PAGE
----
Windows what? PC makers have bigger things on their minds

Remember those days when OSes were the be-all and end-all?


Canalys Forums With minds fixed on PC shortages and the next looming round of price hikes, there was nary a mention of Microsoft's freshly laid OS by the biggest vendors and resellers at this year's Canalys Forums EMEA 2021 gabfest.

Windows 11 was unleashed on the world this week to a mixed reaction, with internal improvement overshadowed by weighty system requirements. Yet in years gone by, a new OS was celebrated as a potential sales extravaganza.

At the conference, senior execs from the three biggest PC makers – Lenovo, HP and Dell – took to the virtual stage and not one of them talked about Windows 11. Their focus instead was logistics, product availability and the like.

"There is so much demand for PCs still," Canalys CEO Steve Brazier told The Reg, "that actually the market doesn't need any additional stimulus. And it will be difficult to measure the impact of Win 11 on the PC market, because sales are constrained by shortages."

The sector is still playing catch-up 18 months after the pandemic forced lockdowns across much of the West and the PC suddenly became the centre of everyone's universe. Global sales subsequently surged to highs in 2020 not seen in decade.

HP CEO Enrique Lores said in August that the company’s backlog was "close to one full quarter" of sales and Dell CFO Tom Sweet said it was facing "unprecedented demand that is way ahead of supply right now".

So is a new OS no longer the drive it once was? "I don't believe so no, I don't believe so," a Lenovo channel exec for EMEA told us.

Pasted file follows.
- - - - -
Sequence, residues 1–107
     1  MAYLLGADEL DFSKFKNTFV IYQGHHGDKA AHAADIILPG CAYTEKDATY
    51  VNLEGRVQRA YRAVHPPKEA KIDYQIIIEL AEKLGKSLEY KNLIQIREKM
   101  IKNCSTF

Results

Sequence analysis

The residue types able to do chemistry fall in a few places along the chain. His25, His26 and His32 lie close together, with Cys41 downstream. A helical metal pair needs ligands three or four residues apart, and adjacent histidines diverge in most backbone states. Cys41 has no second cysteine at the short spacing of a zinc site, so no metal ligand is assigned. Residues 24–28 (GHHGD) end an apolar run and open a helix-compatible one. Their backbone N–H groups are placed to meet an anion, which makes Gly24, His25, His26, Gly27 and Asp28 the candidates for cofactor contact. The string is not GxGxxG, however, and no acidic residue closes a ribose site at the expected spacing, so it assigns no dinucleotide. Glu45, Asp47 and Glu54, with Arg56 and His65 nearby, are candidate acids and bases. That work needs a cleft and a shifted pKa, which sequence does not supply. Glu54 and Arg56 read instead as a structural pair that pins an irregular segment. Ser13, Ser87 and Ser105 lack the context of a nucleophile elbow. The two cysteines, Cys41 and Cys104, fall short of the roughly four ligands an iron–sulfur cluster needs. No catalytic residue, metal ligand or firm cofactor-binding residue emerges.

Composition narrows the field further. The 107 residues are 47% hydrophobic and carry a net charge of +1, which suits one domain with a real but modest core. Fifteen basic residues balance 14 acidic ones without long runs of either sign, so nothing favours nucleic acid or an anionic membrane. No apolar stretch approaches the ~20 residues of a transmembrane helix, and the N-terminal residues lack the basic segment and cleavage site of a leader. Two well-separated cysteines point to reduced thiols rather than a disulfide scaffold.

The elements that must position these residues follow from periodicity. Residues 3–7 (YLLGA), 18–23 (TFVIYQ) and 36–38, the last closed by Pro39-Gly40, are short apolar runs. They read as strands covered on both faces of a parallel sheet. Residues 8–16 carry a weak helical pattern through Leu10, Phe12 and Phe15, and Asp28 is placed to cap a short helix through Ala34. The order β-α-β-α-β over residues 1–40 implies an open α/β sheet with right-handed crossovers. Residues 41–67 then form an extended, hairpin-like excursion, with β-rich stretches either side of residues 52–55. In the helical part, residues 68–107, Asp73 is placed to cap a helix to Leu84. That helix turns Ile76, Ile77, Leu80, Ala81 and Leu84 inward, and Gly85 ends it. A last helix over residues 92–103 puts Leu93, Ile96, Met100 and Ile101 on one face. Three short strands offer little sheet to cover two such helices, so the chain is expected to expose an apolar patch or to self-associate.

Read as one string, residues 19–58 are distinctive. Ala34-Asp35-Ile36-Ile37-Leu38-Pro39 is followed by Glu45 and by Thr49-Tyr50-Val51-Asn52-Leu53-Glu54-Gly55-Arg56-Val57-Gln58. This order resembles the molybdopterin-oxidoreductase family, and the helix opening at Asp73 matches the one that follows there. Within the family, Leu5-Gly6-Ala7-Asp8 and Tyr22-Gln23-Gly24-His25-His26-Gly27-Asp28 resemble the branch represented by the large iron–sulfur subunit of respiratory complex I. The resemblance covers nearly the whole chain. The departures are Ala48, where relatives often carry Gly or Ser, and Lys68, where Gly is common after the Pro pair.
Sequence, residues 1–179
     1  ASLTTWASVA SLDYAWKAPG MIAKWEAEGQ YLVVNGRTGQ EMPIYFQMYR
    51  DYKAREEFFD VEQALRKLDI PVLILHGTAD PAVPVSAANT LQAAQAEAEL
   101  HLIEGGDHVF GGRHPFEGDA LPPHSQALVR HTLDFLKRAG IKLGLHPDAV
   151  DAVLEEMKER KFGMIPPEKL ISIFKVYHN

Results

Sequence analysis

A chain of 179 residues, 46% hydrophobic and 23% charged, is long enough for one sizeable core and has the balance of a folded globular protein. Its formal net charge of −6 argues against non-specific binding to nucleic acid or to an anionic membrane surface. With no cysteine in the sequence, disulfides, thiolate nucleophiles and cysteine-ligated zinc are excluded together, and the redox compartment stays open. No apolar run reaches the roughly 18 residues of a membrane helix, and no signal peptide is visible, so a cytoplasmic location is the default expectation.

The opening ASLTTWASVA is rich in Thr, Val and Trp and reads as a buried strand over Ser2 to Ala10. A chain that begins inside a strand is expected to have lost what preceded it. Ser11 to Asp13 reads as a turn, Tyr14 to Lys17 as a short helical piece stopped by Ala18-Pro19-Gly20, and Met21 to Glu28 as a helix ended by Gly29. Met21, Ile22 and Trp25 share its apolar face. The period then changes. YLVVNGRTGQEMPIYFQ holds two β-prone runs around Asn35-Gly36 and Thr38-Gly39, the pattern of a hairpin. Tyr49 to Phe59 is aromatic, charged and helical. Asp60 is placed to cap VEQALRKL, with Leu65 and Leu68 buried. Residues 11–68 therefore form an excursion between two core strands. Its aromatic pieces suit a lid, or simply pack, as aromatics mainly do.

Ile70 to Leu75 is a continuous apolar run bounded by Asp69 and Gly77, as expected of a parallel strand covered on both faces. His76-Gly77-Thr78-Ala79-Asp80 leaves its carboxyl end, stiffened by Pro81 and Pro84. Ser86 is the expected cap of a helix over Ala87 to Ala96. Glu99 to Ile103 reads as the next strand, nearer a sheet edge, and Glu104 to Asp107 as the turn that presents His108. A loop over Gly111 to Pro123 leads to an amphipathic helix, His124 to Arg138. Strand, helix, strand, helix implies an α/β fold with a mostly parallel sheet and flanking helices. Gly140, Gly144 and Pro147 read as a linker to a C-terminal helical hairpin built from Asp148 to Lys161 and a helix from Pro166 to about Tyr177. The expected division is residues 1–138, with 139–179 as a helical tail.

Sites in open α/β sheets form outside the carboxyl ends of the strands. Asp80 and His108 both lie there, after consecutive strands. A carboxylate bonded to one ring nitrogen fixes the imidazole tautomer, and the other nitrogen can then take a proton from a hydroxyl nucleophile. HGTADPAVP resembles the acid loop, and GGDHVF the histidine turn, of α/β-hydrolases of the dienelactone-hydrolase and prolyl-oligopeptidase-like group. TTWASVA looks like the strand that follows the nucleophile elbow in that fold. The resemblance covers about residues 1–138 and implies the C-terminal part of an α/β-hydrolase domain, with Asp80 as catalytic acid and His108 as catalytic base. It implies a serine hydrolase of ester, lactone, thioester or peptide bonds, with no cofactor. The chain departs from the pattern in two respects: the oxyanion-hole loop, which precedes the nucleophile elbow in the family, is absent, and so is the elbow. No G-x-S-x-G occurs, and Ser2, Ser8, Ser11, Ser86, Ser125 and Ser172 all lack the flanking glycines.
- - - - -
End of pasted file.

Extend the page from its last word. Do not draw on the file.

Their Lenovo colleague quickly chipped in to say the "whole context is somewhat different at the moment".

They added: "Normally a new OS is required to give a boost in the stimulus … if you think back to the timing of some of the previous launches, that was an era when people said the PC was dead. And I think we're far from an era where the PC is dead. You could argue we don't need the stimulus right now, we have demand way, way outstripping supply."

According to IDC in August, PC shipments are estimated to grow 14.2 per cent in 2021 to 347 million units. This was lower than the 18 per cent forecast in May with supply not able to meet demand.

"The lengthening of the supply shortages combined with ongoing logistical issues are presenting the industry with some big challenges. However, we believe the vast majority of PC demand is non-perishable, especially from the business and education sectors," said Ryan Reith, program veep for IDC's Worldwide PC Trackers.

Canalys senior analyst Ishan Dutt pointed out at the virtual conference that normal refresh cycles will resume in the longer term with "low single digit" percentage rises predicted.

"However, the installed base has ballooned over the last 18 months, and the opportunity around upgrading PCs and attaching peripherals and services has become bigger than ever before."

Perhaps when normal play resumes talk will again turn to OSes, and no doubt corporate customers will decide to migrate to Windows 11 over the next few years. And maybe by the time Windows 12 lands, it'll be able to take centre stage and be required to do what its predecessors once did: help Microsoft make bank and give the PC industry a lift.

It just doesn't need one at the moment. ®

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